I've had a record number of visits from my dad's siblings in the last week. First his brother Gene came to visit, and on Monday his sister Janella and her husband Ron came to town. I'm feeling a bit spoiled.
Janella is my godmother and has been a great influence in my life throughout the years. She is married now, but was previously a presentation sister and when I first came to college she was employed at St. Stephen's, the Catholic student center at UNI. It was so nice, my freshman year of college, to have that familiar face a short walk away whenever I needed a little piece of home. At the start of my sophomore year she left St. Stephen's, and the country, to do missionary work in Bolivia.
When she left I was healthy and active, and I felt somewhat unstoppable. It was during the second semester of my junior year that my physical problems began, and it was at that time I received a letter she sent from Bolivia. I hadn't been struggling long and wasn't yet facing the bigger hurdles that were to come. But in that letter she wrote a very simple sentence that would serve me well in the coming years. She told me she had learned in her life that the question "why" never led to answers. She tried to ask herself "what" and "how" - and the answers to those questions usually led her in the right direction.
That was it... she didn't explain it or go into detail, but it stuck with me. And it's something I have followed myself. I don't find the "whys" of my life to be helpful. I don't know why I am sick and in pain, and I don't think I ever will. Nor do I need to. I guess I like to think that somehow, when I was a spirit in heaven, God showed me my life and all that it would entail. I imagine looking at the good, the bad and how both affected the people around me. I like to think that I saw all this and said yes. Yes, I will take all of the bad with all of the good and serve a purpose.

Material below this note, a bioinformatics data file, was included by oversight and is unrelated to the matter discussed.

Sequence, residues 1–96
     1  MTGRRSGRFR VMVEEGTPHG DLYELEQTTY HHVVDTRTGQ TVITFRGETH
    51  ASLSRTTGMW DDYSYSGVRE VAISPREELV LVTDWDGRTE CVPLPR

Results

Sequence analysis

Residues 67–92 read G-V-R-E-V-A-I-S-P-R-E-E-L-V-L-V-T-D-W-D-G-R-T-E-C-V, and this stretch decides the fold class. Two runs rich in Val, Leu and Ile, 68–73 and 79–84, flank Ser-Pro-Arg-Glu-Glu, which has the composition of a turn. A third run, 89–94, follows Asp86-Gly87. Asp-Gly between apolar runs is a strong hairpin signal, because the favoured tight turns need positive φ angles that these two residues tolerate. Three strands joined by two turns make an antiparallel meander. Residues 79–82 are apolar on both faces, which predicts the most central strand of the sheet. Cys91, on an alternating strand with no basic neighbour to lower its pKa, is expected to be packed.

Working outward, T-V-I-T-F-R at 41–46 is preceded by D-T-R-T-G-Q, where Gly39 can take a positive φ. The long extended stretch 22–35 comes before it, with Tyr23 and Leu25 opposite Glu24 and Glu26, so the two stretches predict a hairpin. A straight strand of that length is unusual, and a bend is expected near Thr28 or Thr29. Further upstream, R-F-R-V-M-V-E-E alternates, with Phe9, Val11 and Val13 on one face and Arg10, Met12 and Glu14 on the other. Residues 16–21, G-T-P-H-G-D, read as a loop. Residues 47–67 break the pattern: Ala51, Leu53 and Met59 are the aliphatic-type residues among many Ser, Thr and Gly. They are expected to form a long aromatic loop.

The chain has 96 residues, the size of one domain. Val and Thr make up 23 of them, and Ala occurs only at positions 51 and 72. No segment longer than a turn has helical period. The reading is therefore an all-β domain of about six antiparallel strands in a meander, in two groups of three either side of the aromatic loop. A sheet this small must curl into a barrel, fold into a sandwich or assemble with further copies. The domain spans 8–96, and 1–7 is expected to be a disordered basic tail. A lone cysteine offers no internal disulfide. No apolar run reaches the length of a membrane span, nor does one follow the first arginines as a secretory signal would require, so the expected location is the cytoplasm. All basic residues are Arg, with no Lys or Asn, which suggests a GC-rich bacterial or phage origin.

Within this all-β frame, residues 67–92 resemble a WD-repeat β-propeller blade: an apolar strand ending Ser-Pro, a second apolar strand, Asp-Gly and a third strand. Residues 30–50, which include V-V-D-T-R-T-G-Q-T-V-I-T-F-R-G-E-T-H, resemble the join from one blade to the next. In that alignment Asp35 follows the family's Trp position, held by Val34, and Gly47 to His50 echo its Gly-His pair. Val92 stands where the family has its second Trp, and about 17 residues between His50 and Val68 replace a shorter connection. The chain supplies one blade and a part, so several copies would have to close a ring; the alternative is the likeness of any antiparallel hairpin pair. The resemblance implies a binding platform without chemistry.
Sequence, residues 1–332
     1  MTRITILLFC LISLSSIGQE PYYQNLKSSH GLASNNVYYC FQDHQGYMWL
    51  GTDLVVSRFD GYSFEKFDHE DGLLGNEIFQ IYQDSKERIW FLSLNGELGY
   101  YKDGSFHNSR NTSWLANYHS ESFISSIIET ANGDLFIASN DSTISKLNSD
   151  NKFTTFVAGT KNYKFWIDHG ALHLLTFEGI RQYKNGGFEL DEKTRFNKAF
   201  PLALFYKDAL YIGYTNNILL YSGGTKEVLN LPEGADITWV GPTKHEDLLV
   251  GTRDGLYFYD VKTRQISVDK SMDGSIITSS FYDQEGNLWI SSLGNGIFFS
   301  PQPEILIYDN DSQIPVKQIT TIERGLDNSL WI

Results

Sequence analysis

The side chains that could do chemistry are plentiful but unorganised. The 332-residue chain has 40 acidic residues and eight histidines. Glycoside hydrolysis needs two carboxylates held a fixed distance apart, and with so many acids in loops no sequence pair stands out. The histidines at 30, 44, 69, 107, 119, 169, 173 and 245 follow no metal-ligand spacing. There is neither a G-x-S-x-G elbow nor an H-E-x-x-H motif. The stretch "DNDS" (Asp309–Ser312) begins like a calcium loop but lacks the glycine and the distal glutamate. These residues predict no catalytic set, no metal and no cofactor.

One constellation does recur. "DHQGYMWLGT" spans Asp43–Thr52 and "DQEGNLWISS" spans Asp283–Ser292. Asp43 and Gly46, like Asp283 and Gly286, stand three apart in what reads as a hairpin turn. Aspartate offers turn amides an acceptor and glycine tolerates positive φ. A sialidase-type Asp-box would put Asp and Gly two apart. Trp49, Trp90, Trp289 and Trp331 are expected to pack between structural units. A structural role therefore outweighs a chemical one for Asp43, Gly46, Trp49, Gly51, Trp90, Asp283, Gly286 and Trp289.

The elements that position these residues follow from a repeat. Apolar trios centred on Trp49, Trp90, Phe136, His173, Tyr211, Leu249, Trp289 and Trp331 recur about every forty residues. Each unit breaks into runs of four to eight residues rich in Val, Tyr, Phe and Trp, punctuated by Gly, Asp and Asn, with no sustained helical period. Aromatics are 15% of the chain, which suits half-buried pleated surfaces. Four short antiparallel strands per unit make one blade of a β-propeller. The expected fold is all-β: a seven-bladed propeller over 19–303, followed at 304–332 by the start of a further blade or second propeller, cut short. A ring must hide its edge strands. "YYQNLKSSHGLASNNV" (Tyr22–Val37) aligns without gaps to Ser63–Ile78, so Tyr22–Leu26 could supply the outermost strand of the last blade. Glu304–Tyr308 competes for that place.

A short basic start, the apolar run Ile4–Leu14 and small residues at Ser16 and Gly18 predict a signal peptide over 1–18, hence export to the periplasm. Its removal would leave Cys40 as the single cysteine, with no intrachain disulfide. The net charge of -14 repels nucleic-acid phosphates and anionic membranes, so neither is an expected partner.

Maybe it's a far-fetched notion, but can you imagine if that is how it works? If I said "yes" to this life, then the question of why things happen is irrelevant. If I said "yes" to this, it was because God saw a purpose in my life and how it would unfold in a greater plan. What more of a reason do I need for living than that?
Don't get me wrong. When the difficult stuff happens I get sad and discouraged and frustrated - I just don't sit in it for long because I don't want to miss what's in store for me next. My only real fear in life is that I have a purpose to fulfill, and if I'm not paying attention or I'm busy wallowing I'll miss it. That's where the "what" and "how" questions come into play. What needs to be done? And how can I contribute? For the record, I don't achieve this perfectly every day. It's a goal that I pay attention to. The more I pay attention, the more I notice around me and the easier it becomes to pay attention again the next day.
So, if you wonder what gets me through the day, that's it. Believing that the difficult things are just as important to my purpose as the easy things, and how I choose to deal with both affects more than just myself. Believing that I was put here for a purpose, even if I never know exactly what it is or why it happens. Trusting completely that I am living to fulfill even what I don't understand. That doesn't just get me through the day... it makes me treasure every moment of my life.